In writing this article, I feel like a solitary and forgotten soldier in a trench - the enemy in front and the threat of friendly fire from the rear. So I hope a white flag will be respected just long enough for me to state a case before I fall prey either to an enemy bullet or misguided shelling from behind. For what I want to explore is perhaps the unthinkable to many: the inherent benevolence of shareholding.
There is a principle in free enterprise which has been its most laudable attribute and the mainstay of its defence. That attribute is that it is the best and most efficient way of moving resources to where they are most needed. Many argue that the fact that it has not done so, as evidenced by the severe imbalances in the world today, is an indictment of the “system” itself. My response is that a laudable concept was severely perverted by reliance on, indeed the encouragement of greed, acquisition and unbridled consumption. At the same time I have presented the case for the opposite: the rescue of this approach by a re-examination of motive based on benevolence in turn founded on the basic rules of transaction.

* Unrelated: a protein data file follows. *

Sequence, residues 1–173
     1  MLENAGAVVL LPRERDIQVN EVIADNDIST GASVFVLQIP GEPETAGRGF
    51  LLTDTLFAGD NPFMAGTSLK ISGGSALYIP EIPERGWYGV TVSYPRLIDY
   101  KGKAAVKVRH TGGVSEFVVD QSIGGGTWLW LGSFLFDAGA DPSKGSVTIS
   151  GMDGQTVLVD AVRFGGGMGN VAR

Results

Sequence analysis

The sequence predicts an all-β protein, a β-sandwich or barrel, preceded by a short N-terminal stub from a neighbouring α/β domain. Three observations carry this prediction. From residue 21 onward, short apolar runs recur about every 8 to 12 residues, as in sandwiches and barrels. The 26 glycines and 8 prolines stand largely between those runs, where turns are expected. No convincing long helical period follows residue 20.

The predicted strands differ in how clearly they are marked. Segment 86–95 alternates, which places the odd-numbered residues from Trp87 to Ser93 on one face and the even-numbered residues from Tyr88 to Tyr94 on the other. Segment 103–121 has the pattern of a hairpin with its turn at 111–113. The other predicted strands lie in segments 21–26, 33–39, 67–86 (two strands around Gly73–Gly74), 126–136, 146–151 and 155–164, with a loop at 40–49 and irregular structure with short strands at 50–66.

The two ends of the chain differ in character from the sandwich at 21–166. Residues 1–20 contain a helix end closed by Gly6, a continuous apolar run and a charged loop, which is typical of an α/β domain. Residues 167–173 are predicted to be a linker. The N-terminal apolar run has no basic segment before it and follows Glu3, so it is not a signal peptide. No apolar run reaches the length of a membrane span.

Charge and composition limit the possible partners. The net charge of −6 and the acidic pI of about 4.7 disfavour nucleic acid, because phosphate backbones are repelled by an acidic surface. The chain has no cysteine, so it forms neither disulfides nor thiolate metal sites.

One of the most essential functions of an efficient market is to move private “capital” to where it is most needed in the production of goods and services and as a contributor to creating tangible value. An expanded view of its role includes the facilitation of demand through debt and to enable the transfer of risk through derivatives such as futures and options. The latter, first recorded in the 3rd-century BC was seen as a benign method of promoting market efficiencies.